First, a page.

When I was in college I defined my success by grades. When I entered the working world I largely defined my success largely by my job and my finances. I used to love my work (electrical engineering/computer science) but after several years I found I had a high-paying but unsatisfying job.
I went back to school and earned a Master’s Degree in finance. I earned a 4.o and really enjoyed returning to college. After graduating, I was honored to be offered an adjunct professorship in Finance. The pros of this job are satisfaction, autonomy, and the opportunity to help students learn complex tops. The cons are underemployment and relatively low pay and no benefits.
So my three-legged stool of financial success is off balance: I still have great retirement savings, a great credit score, and mediocre earnings. This has shaken my self esteem. Even though teaching at a major university is a cool and prestigious job, frankly I miss the money. My wife and are or doing OK financially, she has here own company with its ups and downs, and we also have a rental property that provides some additional income.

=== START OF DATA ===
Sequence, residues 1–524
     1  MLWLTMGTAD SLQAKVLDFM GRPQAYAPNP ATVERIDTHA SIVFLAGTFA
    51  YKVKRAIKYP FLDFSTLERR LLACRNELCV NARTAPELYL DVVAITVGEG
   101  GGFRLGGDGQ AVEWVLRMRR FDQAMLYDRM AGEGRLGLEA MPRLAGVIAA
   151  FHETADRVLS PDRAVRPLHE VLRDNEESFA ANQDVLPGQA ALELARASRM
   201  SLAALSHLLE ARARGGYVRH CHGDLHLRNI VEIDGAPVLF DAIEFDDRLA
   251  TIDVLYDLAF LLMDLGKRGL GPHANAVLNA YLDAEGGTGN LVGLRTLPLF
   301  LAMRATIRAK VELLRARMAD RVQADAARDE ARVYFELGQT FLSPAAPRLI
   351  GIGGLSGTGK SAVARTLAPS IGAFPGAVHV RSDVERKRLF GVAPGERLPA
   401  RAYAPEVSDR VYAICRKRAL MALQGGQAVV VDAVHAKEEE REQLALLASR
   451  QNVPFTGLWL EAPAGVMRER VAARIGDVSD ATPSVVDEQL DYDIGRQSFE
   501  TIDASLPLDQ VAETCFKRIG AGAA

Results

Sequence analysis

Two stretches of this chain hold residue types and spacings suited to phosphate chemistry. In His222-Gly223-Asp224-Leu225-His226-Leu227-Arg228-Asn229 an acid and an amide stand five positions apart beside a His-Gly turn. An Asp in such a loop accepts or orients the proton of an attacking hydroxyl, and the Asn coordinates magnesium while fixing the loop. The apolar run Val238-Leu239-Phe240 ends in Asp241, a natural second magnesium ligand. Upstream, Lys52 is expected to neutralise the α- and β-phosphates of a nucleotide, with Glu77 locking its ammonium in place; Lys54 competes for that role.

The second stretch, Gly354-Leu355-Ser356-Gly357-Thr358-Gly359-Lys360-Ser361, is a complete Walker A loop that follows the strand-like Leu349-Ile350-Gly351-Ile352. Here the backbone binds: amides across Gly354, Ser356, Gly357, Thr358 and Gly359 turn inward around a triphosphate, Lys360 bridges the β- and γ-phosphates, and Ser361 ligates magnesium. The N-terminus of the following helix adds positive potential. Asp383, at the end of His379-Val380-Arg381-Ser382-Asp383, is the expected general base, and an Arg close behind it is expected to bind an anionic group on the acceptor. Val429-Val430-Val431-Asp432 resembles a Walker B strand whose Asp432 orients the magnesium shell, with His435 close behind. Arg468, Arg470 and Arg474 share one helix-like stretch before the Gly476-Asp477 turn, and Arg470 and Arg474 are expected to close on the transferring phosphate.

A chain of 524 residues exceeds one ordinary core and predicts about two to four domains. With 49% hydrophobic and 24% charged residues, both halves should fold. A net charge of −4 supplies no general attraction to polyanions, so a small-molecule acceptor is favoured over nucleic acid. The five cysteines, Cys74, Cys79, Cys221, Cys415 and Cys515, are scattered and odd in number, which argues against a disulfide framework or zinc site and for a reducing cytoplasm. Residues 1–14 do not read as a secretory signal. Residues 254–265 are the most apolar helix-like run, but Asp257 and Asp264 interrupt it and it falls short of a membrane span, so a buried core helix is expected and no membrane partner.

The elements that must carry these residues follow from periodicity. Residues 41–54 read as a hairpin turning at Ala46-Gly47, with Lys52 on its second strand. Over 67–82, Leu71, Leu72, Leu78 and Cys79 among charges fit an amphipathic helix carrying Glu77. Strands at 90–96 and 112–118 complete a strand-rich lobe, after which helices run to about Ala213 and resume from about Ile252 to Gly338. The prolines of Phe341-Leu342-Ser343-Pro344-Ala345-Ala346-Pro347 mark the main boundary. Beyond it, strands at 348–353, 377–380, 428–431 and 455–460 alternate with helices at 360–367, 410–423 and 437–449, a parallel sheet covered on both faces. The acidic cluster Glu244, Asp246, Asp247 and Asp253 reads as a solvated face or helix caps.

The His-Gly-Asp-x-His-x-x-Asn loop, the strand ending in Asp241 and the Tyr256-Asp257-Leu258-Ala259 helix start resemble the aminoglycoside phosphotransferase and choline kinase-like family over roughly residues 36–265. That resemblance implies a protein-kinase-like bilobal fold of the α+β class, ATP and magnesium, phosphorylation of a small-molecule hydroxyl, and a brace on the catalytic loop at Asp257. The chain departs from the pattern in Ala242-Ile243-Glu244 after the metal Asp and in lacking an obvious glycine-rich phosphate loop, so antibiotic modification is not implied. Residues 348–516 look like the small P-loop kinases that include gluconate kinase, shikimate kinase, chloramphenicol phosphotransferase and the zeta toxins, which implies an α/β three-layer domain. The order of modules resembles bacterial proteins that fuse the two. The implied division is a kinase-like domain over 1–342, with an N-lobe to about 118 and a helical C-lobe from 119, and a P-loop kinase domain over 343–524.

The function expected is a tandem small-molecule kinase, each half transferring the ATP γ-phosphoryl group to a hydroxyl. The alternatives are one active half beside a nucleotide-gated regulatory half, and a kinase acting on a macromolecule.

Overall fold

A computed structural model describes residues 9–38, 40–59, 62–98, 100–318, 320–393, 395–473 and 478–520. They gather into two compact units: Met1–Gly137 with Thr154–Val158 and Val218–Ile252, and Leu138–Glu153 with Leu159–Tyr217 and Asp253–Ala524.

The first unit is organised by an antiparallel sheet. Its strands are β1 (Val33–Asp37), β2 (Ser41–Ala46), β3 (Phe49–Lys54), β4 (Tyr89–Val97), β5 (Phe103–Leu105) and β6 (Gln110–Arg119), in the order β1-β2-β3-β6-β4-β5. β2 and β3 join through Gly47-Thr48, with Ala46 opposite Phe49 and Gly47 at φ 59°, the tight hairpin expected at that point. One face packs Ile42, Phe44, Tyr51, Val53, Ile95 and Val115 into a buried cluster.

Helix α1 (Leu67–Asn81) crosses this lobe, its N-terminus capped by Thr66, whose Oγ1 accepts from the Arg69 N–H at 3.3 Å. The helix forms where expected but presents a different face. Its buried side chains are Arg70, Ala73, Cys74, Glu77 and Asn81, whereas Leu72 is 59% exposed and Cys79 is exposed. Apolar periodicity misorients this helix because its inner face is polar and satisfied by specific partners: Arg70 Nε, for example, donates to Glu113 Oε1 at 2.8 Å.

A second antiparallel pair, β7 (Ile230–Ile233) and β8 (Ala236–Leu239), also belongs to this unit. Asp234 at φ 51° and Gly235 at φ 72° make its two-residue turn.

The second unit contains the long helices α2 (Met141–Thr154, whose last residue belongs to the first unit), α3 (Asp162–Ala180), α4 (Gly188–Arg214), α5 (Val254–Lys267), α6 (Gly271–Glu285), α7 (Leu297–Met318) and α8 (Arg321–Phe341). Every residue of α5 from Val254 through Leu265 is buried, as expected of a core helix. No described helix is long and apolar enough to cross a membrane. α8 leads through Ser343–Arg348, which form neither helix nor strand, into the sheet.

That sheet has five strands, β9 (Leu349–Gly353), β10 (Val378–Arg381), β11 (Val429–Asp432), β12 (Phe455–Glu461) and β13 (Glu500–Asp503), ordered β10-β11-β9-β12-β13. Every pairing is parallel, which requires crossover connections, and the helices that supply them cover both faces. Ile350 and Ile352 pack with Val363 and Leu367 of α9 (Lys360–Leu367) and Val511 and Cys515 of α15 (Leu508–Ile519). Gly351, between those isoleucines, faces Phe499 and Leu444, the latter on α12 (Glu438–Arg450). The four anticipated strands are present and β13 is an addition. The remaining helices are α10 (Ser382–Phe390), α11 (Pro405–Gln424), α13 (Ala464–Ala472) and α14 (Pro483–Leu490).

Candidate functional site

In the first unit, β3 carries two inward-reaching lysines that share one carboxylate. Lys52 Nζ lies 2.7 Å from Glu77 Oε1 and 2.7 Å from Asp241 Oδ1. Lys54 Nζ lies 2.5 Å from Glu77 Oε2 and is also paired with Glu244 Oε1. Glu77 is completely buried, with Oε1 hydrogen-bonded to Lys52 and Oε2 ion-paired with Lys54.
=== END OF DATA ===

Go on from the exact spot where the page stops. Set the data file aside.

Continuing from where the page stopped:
We have no debt except for a mortgage. If it wasn’t for the mortgage, I’d feel a lot more comfortable. I used to own my own home (before I got married), but my wife wanted a better home. That gave us a new mortgage. Bummer.
My wife and I are learning to be more frugal. For me this a slow, tough adjustment. Since my work is currently part-time, I also have to find inexpensive ways to occupy my free time (like blogging:).
The really tough adjustment is adjusting to underemployment. I do important work and am trying to convince myself to value that more strongly. My wife and I have a loving marriage, and that is something to be proud of — it takes work! I have been working on my diet and exercise, and am much healthier than in my old engineering job — the benefits of more free time.
My learning is that defining yourself mostly by money and finances is a bad idea. We humans are so much more than our jobs. We can be good spouses, loving pet owners, dreamers, experimenters, hobbyists, friends, and many other things. My view has been too narrow, but I’m working on it. There is so much more to life than jobs and money!